While the 2022 Federal Budget provides some temporary relief for household budgets, it does very little to address the fundamental issues facing Western Sydney or assist communities recover and rebuild after the COVID-19 pandemic and recurring natural disasters.

Billie Sankovic, Chief Executive Officer of Western Sydney Community Forum said “this pre-election federal budget contains temporary fixes without permanent solutions or long-term planning. Cash splashes to ease cost of living pressures do not address deep seated issues experienced by the Western Sydney region that has been most hard hit by two years of the pandemic and lockdowns”.

The halving of the fuel excise will be a welcome relief for motorists in Western Sydney who are already experiencing a higher cost burden due to excessive toll fees and longer commutes to travel to work. However, it is critical that the Australian Competition and Consumer Commission and NSW Fair Trading are empowered to ensure that lower fuel excises result in cheaper petrol prices for Western Sydney motorists, rather than greater profits by retailers.

Low and middle-income earners will receive an extra $420 back on their tax returns, and pensioners, carers, veterans, job seekers and other eligible concession cardholders, plus some self-funded retirees, will receive a one-off payment of $250.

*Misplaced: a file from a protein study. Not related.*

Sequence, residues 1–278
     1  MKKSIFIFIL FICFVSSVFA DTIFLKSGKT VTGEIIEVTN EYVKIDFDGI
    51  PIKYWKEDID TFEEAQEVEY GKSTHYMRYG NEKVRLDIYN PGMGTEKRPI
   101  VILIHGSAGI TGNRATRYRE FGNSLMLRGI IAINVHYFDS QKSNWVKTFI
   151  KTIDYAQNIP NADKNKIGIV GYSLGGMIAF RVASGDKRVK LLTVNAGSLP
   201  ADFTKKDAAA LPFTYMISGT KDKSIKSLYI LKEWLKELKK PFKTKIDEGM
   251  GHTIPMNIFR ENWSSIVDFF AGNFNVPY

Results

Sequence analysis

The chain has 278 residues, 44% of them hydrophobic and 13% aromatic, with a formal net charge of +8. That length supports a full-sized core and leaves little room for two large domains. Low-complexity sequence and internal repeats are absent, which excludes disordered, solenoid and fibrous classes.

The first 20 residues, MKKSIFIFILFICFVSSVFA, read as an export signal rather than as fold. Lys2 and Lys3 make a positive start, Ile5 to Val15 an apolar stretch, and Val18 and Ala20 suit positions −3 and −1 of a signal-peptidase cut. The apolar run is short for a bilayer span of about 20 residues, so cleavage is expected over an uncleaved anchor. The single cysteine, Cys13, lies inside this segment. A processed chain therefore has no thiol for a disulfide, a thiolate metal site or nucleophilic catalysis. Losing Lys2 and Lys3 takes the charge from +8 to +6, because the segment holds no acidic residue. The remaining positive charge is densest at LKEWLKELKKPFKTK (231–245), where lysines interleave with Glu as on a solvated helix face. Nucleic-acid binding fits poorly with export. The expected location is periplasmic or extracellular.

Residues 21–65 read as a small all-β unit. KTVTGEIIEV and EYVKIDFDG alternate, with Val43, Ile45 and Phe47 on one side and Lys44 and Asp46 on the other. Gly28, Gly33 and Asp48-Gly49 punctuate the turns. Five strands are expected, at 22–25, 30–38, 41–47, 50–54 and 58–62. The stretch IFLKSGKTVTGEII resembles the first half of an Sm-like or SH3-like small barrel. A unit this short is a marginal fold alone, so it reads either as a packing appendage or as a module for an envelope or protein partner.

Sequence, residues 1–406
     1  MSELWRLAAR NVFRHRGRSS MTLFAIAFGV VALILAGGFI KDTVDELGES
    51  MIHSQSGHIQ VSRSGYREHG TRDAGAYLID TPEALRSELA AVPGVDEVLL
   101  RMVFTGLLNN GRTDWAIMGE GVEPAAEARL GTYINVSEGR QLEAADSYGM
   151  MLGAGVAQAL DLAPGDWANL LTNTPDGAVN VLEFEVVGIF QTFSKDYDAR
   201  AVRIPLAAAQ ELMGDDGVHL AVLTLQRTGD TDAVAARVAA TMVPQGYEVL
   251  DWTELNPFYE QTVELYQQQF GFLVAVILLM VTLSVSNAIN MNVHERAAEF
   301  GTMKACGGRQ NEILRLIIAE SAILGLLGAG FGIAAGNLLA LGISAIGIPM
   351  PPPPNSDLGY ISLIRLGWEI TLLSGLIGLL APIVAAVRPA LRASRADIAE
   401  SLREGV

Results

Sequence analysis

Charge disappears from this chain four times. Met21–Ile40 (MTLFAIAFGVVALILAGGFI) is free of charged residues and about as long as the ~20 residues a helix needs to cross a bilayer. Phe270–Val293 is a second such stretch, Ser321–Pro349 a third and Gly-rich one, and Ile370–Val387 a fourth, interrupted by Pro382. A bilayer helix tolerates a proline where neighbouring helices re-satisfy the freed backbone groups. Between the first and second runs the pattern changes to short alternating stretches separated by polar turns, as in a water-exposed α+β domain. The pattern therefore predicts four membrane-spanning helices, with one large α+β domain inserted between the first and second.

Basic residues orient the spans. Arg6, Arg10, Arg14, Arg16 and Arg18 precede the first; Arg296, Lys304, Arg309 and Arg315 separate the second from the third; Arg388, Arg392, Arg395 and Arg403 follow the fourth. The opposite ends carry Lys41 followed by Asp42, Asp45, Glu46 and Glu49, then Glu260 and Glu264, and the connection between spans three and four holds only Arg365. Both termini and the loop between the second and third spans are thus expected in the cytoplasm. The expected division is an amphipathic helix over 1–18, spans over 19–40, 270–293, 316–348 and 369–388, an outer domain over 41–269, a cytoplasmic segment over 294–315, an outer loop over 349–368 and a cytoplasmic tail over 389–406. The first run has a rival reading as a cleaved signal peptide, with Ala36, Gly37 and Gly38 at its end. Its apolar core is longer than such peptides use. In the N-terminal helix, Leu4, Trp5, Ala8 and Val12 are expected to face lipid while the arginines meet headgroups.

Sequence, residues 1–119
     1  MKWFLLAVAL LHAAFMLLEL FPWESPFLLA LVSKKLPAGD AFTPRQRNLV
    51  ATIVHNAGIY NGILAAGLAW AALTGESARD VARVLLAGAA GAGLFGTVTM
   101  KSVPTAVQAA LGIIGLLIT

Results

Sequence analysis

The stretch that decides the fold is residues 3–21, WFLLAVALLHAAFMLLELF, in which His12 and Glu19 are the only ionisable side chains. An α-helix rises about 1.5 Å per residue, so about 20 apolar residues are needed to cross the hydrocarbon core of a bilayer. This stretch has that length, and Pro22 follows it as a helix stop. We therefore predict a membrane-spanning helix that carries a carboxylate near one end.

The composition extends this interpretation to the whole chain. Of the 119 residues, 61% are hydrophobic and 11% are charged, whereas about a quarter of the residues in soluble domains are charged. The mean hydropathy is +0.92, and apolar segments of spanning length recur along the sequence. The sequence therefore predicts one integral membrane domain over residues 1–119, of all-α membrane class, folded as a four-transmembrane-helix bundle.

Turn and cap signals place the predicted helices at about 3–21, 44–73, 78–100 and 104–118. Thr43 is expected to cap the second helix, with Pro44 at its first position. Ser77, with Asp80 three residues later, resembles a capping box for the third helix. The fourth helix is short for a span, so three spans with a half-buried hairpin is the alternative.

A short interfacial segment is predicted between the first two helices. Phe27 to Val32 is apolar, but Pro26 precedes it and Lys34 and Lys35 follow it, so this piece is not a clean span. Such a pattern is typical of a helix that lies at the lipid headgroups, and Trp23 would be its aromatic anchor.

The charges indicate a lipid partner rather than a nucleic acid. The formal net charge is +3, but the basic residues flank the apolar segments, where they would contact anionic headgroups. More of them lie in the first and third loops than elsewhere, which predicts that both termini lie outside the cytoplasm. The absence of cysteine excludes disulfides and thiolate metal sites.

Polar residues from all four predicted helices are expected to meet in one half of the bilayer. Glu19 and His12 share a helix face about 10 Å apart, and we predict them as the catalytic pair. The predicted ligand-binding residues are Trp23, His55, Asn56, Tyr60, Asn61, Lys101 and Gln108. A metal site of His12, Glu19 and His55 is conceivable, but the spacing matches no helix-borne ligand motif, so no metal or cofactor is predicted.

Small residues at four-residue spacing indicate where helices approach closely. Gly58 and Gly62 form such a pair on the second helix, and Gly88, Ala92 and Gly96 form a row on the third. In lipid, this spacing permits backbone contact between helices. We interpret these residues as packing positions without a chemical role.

While these measures provide some welcome relief for cost of living pressures, they are temporary and do not address the rising income inequality experienced by Western Sydney residents.

The recent Public Health Orders enforced during the COVID-19 pandemic have showcased just how pivotally important Western Sydney community leaders, groups and organisations are in supporting vulnerable members of the community. Western Sydney was the hardest region hit by COVID-19 Public Health orders, yet the community organisations which helped Western Sydney survive and recover through the pandemic have been ignored by the Federal Budget.

It is greatly disappointing that there is no investment to support community organisations and leaders in Western Sydney to step up even further and continue to build their capacity to spread public health messaging regarding restrictions and vaccinations across the region.

The biggest cost of living faced by most households is housing, and this Budget ignores the need to address housing affordability or increase the supply of social and affordable housing in Western Sydney. Urgent action is needed to deliver the 6,500 additional social and affordable housing dwellings needed per year in greater Western Sydney to meet forecast demand by 2036. This is the only way to curb the increasing levels of housing stress and homelessness experienced in Western Sydney.

Western Sydney Community Forum welcomes the $2 million increase in the National Housing Finance and Investment Corporation’s liability cap. Through the provision of low-cost loans to Community Housing Providers, this will support the delivery of more affordable dwellings.

An expansion of the first homer buyers’ scheme will increase the number of buyers eligible to get into their first home with a reduced deposit and relaxation of mortgage insurance requirements, however it risks driving home prices up through increased demand while not increasing supply.